- The "background sweep" is just a piece of grey construction paper cut to fit the width of the box, the longer the sheet the better. As close to neutral grey as you can get. OR You can use white.

- The light source is a 70 watt halogen desk lamp.

- The Black piece makes the shadow on the sweep behind the pot, just folded over and stapled the ends to keep them together. You can move this around until you get the shado where you want it.

- It's not shown here but I use a very large old white handkerchief across the top of the box and shine the light through it as a filter. A fold of cheese cloth would do the same.


I currently only don't actually use this setup much any more unless I need to work in my VERY SMALL apartment (Bonnie and Ruth can vouch for me). I use the setup described in the post yesterday or the day before based on Michael Coffee's setup. Very happy with it.
* Named for Bob Keeshan's classic childeren's TV character and because it's made from a box, paper fasteners, construction paper and string, like everything he taught us to make.
My Leach Treadle Wheel

This is the original manufacturer of Leach Treadle Wheel. It was originally designed and built by Dicon Nance at the Leach Pottery. When he left the pottery, he left the plans with David Leach who later sold them to Woodley's. These wheels were exported all over the world.

I believe that Woodley's is still in business but no longer make the wheel. Apparently it was a pet project of the father and was discontinued when he retired or died.

Now the only manufactures are in the US; Doug Gates, EdMfg, Billy Martin and Waves of Grain.

This is a really well constructed wheel! I had to take it apart to get it into my studio. The construction is mortice and tenon held together with carriage bolts. Even after taking it apart and putting it back together again, the wheel is rock solid.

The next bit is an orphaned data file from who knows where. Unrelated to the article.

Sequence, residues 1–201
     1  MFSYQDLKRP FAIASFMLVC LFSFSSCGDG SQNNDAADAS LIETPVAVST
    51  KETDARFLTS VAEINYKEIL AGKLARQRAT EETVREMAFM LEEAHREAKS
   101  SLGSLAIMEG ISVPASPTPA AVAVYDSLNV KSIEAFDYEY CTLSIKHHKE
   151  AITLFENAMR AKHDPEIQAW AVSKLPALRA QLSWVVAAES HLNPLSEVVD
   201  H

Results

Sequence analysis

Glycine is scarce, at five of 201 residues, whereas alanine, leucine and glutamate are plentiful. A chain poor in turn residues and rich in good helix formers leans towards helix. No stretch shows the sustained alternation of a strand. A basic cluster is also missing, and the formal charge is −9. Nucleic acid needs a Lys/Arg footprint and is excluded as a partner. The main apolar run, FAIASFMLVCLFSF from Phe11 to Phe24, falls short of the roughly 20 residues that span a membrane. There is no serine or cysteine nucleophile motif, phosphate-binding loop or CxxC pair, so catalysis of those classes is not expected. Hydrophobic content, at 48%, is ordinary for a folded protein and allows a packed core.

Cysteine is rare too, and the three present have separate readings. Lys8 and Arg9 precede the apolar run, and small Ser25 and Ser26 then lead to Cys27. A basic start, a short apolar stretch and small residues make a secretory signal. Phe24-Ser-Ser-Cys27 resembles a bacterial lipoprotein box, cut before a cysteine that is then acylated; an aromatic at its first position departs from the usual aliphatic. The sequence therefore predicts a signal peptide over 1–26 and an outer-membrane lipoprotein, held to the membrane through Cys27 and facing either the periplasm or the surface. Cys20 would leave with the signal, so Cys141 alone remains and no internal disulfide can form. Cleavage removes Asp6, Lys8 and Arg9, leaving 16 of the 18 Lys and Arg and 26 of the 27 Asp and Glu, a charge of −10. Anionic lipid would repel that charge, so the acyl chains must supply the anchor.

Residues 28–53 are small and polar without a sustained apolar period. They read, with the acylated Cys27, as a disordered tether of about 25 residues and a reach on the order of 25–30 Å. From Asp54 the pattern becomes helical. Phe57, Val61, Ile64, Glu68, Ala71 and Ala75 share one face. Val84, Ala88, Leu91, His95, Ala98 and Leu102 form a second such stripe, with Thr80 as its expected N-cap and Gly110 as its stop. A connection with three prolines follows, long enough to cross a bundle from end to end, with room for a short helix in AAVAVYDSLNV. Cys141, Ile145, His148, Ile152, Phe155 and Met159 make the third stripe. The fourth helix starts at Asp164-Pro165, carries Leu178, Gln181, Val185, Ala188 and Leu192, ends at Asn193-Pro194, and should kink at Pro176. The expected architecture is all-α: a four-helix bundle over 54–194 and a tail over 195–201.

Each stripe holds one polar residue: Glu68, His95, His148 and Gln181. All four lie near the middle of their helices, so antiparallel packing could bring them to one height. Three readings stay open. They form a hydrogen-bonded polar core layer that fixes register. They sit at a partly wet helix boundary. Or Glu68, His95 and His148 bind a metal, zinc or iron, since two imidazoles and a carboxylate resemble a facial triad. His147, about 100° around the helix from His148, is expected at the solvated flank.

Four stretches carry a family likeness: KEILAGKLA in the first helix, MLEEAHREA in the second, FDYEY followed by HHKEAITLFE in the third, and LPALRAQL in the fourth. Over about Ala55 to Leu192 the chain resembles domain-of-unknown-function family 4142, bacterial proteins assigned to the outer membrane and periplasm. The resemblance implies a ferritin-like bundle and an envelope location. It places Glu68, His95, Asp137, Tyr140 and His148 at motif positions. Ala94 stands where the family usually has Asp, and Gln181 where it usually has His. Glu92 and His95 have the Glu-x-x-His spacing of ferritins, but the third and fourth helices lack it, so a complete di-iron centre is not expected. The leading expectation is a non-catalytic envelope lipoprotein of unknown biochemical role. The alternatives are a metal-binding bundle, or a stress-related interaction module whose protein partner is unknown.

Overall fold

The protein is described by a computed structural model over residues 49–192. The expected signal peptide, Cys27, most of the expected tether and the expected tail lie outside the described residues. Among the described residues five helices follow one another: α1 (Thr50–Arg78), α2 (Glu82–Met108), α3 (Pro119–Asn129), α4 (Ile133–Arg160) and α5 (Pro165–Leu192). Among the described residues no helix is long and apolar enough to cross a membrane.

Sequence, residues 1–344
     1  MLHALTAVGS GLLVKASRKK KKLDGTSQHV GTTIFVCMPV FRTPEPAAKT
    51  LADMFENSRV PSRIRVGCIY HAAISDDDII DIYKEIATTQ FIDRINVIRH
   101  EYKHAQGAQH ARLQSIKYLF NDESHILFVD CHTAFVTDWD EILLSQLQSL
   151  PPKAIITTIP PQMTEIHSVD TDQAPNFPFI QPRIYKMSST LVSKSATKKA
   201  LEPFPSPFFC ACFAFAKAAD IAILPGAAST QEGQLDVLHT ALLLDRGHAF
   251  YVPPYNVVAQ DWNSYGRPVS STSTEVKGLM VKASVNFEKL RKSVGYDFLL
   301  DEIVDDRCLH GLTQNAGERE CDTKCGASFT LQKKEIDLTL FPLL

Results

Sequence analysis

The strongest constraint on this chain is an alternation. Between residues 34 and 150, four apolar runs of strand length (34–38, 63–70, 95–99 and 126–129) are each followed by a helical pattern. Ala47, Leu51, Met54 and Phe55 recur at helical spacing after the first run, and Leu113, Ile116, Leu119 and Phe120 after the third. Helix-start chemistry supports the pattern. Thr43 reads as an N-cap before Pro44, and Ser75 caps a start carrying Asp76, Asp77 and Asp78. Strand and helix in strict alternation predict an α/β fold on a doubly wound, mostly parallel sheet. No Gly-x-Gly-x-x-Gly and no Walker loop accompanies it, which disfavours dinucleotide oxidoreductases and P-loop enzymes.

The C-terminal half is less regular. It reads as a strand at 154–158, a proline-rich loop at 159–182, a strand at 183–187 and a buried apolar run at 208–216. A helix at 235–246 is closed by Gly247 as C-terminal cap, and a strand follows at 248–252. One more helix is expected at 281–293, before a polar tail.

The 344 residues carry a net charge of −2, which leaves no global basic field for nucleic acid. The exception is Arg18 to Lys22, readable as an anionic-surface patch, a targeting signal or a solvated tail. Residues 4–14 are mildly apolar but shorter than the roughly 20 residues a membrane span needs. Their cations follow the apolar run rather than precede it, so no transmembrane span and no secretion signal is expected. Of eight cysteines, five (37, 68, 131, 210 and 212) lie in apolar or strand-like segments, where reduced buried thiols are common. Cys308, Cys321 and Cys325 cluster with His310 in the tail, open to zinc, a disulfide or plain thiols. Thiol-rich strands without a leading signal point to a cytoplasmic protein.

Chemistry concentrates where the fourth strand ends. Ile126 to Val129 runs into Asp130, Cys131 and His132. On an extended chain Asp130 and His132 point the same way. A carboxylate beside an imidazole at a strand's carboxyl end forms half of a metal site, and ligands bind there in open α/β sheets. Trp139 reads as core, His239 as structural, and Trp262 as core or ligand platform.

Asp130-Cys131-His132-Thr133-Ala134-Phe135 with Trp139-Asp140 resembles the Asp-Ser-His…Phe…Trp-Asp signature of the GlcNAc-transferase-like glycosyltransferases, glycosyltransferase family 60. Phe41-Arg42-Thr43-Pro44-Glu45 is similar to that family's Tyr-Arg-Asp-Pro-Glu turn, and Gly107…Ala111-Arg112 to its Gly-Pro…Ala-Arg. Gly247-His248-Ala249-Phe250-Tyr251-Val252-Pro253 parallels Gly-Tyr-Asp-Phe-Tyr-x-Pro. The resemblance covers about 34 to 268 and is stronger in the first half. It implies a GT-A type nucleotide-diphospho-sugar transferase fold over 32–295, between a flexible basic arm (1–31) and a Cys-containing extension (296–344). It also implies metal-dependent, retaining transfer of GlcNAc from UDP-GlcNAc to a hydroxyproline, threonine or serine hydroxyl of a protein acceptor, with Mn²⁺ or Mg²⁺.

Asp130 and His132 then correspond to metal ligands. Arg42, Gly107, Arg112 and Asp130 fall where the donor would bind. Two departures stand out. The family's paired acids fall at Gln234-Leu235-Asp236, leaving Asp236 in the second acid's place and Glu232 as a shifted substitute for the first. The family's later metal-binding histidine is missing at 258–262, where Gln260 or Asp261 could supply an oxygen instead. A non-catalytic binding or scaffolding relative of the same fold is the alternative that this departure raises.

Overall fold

The pan ingeniously locks into the top of the frame quit firmly but also just lifts out.

One odd thing is that the wheel is manufactured in the UK but the bolts seem to be metric.

Side View of the wheel showing the treadle and the chain that supports it
Opposite side view (the wrenches are taped there so I can find them again if I have to move the wheel again)
Nice spacious pan! There is a slip drain hole in the lower left part of the screen and a water drain hole in the upper center of the picture. I think the pan is lined with zinc or tin, nice job. The wheelhead just twists off so you can change it or clean the pan easily.
Mine came with an alternative wheel head that is keyed to take keyed bats. The key is at 2 o'clock on the wheel.
This is the wheel head with the keyed bat. I rotated the wheel a bit to make the key more visible, it's now at 4 o'clock.
View of the treadle and crank mechanism from the front. The flywheel appears to be made from some kind of wood composite.
Closer view of the treade and crank mechanism from the front
View of the treadle and crank mechanism from the right side of the wheel



The picture above is of the shelves in Enzo's kitchen that holds a small part of my collection of functional pieces from friends and acquaintances.

These pieces are in daily use and are a constant reminder of these people.

The People are, Left to Right, Top to Bottom

Carla Flati, Sakaegi Masatoshi, Diek Pierce, Tony Clennell, me, Carla Flati, Sarah House, Richard Burkett

Vincent Fontaine, Pascal Geofroid, ?, Gail Nichols, Mishi Lowe, Ron Roy, Suze Lindsay, Kent Mclaughlin, Joe Molinaro

Liz Willoughby, Liz Willoughby, Dick Lehman, Bacia Edelman, Carla Flati, Gay Smith, Skef Thomas, Diek Pierce, John Baymore

David McBeth, Marta Matray Gloviczki, Michael Sherril's Son, Layla Kaplan, Pascal Geofroid, Giovanni Cimatti, Bulldog Pottery, Liz Willoughby, Isabel Merrick

Mariann Gunnemark, Gay Smith, Ron Roy, Jack Doherty, Tom Buck, Ruggles and Rankin, Lynn Bowers, Vincent Fontaine, me, Nan Coffin-Welty

? Mark Peters, Mariann Gunnemark, Kobbi Nissim, Mark Peters, Mishi Lowe, Sekporn Tansripraparsiri, Mishi's Friend, Lori Leary, Nan Coffin-Welty